Earnings season is getting started, providing plenty of potential opportunities for options traders.
Unlike buying or selling stocks outright, trading options allows investors to express much more specific viewpoints. In the context of earnings, that means that traders can bet a stock will rise or fall specifically on the news event, or that it will make either a larger or a smaller move than the market is expecting.
For this earnings season, Goldman's options research team suggested four trades in a Wednesday note to clients: Buying bullish call options on PepsiCo, buying bullish call options on Dow Chemical, and buying "straddles" on semiconductor stock Sanmina and on networking company JDS Uniphase.
A straddle is a trade composed of buying both a put option and a call option, and it is designed to profit if a stock moves more than implied by options prices.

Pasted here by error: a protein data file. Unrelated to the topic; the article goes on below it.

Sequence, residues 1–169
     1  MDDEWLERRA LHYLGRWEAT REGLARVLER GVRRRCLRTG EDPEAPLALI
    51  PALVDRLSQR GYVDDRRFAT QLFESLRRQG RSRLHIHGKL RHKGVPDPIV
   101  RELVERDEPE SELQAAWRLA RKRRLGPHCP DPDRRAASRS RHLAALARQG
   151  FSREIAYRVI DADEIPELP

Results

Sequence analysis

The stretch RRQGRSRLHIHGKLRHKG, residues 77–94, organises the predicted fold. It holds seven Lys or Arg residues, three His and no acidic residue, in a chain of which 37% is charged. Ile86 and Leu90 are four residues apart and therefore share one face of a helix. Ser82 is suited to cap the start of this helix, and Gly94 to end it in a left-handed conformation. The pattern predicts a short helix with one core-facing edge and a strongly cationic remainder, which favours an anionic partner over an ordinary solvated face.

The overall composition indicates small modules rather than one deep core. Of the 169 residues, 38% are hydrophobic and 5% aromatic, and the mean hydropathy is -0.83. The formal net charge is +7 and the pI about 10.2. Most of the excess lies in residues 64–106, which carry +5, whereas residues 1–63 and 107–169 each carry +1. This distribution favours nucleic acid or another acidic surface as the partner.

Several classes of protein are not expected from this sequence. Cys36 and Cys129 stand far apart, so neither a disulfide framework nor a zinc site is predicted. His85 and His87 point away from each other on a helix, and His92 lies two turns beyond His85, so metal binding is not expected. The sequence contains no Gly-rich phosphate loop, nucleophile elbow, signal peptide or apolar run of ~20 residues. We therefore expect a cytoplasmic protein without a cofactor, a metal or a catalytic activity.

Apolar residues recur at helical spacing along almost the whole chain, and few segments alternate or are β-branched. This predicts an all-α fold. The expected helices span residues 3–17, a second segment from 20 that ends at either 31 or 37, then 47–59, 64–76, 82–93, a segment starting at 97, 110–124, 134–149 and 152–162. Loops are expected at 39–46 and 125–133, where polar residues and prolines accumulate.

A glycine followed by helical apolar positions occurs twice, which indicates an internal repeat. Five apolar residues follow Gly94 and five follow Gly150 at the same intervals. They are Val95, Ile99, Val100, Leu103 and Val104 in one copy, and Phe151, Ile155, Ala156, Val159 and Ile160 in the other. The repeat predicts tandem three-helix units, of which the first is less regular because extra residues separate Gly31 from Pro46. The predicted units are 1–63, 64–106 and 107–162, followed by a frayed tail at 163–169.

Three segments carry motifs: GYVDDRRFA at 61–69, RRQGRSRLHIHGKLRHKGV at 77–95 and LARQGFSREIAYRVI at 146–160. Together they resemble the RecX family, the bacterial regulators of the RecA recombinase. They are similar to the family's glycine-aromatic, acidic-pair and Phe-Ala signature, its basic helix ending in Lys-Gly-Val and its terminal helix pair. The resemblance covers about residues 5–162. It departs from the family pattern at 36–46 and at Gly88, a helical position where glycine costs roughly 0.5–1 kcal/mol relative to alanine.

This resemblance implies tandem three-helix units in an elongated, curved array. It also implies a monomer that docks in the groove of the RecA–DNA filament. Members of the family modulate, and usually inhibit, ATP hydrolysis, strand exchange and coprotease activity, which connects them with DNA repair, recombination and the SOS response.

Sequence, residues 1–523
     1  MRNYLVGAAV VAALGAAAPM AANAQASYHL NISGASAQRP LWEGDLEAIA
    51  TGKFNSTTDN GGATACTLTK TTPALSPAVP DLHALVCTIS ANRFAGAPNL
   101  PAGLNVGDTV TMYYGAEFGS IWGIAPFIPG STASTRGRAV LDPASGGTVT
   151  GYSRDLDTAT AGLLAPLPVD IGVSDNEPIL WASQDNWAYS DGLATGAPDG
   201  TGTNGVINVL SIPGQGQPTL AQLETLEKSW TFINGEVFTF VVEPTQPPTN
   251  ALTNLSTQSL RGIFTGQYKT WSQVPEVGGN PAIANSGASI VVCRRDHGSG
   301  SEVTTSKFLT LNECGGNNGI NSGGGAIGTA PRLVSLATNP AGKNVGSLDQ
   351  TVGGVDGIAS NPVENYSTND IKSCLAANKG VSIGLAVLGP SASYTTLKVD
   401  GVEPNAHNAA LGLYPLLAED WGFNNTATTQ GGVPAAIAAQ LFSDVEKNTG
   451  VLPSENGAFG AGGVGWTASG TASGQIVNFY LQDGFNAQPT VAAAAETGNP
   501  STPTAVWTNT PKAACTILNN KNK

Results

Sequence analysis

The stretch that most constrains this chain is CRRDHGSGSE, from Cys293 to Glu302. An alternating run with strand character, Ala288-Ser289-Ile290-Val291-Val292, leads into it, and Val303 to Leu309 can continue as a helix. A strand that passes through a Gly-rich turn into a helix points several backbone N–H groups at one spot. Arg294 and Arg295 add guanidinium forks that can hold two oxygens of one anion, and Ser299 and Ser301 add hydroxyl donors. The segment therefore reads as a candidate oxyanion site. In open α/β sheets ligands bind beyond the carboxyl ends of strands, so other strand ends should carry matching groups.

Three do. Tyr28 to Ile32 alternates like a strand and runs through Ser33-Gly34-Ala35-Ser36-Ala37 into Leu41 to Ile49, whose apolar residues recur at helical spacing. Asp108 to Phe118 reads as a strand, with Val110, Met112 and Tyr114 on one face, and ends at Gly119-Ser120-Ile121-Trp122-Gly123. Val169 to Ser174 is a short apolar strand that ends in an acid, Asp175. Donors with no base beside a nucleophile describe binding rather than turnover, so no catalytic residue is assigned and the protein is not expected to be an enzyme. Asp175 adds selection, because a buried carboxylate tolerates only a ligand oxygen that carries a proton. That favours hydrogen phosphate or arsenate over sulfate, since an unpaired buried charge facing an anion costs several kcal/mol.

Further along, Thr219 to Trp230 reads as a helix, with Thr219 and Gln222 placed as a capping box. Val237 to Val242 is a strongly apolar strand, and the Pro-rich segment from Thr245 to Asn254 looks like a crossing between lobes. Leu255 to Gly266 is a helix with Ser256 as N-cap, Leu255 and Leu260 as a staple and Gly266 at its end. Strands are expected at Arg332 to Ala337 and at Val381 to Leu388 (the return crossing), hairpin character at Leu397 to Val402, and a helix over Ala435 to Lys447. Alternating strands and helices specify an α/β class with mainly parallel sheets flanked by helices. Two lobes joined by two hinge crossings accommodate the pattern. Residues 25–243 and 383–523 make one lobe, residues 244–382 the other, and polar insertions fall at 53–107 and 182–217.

So far, the trades have gotten off to a rough start. Pepsi shares fell Thursday after the company reported earnings, which has led the July 96.50-call that Goldman suggested buying for $1.18 to lose three quarters its value.
With Dow, Sanmini and JDS Uniphase yet to report, the wisdom of the remaining trade ideas remains to be seen.
More generally, one might notice that each trade idea proposed by Katherine Fogertey and John Marshall of Goldman involves buying options, not selling them. That's because they claim to spot a trend that the market is missing.
"Since 2011, we have noticed that preannouncement activity has picked up in July, but we think that the options market is missing this historical pattern," the options experts wrote. That should increase the prices of some options covering the July period, since "Investors that buy these options could benefit if a company preannounces results, but likely does not suffer significant decline in implied volatility if this does not occur since the options still capture earnings."
In other words, the now-increased chance of seeing a company provide news regarding its earnings before the actual event should boost the value of options, since it adds an additional potential catalyst, but the options market isn't accurately increasing the value of options to adjust for this opportunity, according to Goldman.
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